She was a very very smart girl, she was. She knew all the angles. She was just so beautifully cagey that she’d closed the gate, forever, on the swellest guy that . . . Something hung on
Gwen’s inch-long lashes and she brushed it angrily away. A fine time to be getting a clear sense of values! Oh, she was smart, all right. Like an ox.
At that point the doorbell pealed violently, three times.
Startled, she flew to answer. Rick Bellamy, wild - eyed and panting, charged in, skidded to a stop at sight of her and gaped, as if she were a ghost..
“Rick!” A poet might have described it as a gladsome cry. “What . . .?”
Rick simply folded her in his arms. Then he became entirely meaningless. “Darling, what happened? Are you hurt much? I . . . ”
“Hurt?” Gwen interrupted. “Why on earth should I be?”
He sank into a chair. “The minute I heard it, I wangled overnight leave and come a-runnin’. Oh, gosh, Gwen, I was scared out of 10 years’ growth. And Jimmy didn’t know what hospital,
PUT VICTORY FIRST . . . BUY
so I had to come ...” He stopped suddenly, a man upon whom light has broken. Then he clapped a hand over his mouth, like one who inadvertently begins to rat on a pal.
But Gwen was shaking his arm. “Rick, what did Jimmy tell you? And how could he tell you anything?”
“Because I called this afternoon.” A little guiltily, Rick let the cat all the way out. “And he said you’d been knocked down by a car and taken to a hospital. Why”—he beamed—“the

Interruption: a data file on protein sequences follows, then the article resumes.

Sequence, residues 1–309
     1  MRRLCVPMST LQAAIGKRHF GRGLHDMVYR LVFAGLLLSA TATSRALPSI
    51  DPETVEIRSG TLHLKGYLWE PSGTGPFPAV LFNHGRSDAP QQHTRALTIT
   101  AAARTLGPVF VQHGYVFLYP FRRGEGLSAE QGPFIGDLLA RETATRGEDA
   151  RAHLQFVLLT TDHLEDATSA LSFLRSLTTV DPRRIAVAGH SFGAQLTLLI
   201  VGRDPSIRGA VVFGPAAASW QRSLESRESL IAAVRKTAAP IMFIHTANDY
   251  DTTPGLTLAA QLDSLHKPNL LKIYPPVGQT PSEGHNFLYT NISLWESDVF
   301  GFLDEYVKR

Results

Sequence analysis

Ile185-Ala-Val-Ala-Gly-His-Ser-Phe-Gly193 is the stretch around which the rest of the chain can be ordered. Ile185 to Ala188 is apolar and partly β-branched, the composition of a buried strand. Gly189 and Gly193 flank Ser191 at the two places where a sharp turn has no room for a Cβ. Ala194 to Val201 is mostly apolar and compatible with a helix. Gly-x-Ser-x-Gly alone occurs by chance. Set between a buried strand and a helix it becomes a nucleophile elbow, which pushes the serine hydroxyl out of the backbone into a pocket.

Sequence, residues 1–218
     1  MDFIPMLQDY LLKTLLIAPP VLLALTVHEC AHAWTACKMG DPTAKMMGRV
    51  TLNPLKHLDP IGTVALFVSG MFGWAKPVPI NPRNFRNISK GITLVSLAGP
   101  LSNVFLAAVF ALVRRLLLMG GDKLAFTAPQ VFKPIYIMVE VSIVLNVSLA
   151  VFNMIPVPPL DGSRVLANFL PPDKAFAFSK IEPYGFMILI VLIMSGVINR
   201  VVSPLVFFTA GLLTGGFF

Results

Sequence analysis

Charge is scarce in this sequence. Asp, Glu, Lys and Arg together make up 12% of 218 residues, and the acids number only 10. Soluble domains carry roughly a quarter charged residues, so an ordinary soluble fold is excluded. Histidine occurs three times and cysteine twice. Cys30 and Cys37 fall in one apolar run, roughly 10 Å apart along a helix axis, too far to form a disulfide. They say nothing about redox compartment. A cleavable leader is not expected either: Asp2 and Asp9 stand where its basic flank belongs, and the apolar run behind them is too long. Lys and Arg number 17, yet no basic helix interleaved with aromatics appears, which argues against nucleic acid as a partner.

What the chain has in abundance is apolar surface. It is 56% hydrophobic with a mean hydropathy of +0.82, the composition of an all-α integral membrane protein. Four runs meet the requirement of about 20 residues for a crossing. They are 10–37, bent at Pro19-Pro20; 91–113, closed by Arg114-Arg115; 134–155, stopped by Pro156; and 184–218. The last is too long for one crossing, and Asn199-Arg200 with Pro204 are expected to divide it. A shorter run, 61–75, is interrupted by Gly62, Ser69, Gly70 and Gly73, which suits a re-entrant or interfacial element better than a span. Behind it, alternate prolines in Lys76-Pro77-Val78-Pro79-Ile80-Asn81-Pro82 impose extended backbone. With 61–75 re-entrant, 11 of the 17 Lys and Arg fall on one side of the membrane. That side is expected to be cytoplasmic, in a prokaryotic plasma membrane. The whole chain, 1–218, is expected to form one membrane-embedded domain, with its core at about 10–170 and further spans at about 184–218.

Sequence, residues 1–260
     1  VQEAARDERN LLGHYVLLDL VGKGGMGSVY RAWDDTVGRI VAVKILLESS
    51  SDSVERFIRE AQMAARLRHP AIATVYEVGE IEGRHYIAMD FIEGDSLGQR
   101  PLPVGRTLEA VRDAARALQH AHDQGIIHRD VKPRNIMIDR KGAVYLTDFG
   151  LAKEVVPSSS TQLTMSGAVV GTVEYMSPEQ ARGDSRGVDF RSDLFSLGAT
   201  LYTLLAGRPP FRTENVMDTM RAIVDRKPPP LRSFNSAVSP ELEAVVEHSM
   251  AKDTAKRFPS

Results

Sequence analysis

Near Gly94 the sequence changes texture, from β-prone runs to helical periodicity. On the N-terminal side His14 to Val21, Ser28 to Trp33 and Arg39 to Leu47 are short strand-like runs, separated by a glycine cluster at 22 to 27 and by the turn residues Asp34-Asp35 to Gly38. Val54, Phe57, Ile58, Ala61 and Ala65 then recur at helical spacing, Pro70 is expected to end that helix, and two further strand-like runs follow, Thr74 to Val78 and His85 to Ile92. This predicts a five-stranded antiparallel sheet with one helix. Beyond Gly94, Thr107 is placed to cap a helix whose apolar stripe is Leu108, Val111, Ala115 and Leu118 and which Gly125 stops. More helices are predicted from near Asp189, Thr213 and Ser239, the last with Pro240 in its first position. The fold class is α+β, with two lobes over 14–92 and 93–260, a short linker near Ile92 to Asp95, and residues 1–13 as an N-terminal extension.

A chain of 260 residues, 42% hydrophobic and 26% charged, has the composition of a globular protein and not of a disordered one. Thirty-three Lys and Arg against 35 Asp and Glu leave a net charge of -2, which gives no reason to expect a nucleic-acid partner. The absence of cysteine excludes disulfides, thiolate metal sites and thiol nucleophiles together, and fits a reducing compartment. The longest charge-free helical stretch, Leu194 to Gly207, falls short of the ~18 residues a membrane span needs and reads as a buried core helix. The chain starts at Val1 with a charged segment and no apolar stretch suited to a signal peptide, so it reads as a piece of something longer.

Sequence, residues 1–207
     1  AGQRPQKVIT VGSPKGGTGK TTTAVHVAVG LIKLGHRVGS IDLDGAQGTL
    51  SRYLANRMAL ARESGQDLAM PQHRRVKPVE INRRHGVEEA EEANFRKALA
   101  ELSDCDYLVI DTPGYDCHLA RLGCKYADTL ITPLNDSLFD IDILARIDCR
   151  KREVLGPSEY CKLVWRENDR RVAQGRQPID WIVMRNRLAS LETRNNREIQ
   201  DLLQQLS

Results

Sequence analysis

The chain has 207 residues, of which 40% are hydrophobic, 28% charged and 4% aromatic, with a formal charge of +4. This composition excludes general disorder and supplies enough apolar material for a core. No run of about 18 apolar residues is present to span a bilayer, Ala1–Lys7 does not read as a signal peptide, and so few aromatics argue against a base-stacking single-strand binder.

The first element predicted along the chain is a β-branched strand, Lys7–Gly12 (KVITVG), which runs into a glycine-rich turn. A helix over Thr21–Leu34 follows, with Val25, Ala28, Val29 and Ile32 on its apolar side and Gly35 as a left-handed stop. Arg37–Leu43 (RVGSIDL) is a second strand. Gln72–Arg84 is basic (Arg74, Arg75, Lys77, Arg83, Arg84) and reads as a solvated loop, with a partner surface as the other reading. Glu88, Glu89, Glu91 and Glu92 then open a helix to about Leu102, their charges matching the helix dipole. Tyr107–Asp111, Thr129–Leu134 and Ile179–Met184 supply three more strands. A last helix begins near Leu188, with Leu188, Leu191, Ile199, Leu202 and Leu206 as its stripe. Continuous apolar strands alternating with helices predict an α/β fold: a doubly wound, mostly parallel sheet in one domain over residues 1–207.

little devil! I fell for it hook, line and sinker.”
Gwen put a hand to her head. “For heaven’s sake! But—but why did you call, Rick?”
“Oh,” his eyes strayed, “I sort of had to. To say that I’m still all for a—a certain lady, even if she is engaged.” She swallowed and hoped that the thumping thing in her left side would stop short of rattling the windows. “Rick!” This was hard, almost embarrassing, but so definitely necessary. “If, by any chance, we’re thinking of the same person, she’s . . . well, disengaged. As of this afternoon.”
Rick whirled on her. “HOW’S THAT?”
The roar disturbed a little man who really wasn’t there. A slight whisking noise sounded in the hall between living room and bedrooms. Gwen pounced and came up with James Parker, pyjama-clad.
“Now then,” she said sternly, repressing a desire to kiss him to death, “you seem to have heard. And just what did you mean by telling Rick that, Mist-er Dalton?”
He scuffed bare feet, a man disgraced. “Aw,” he mumbled, “Rick don’t come around no more. So I
thought if I said you was in a horsepital, he—he . . . Well, anyhow, it worked. He’s here, ain’t he?” Jimmy finished on a note of triumph.
“Why,” Gwen demanded, “didn’t Mrs. Heyl hear all this?”
“Becuz the phone’s in your bedroom,” Jimmy pointed out. “An’ she was makin’ an awful lot of noise in the kitchen.”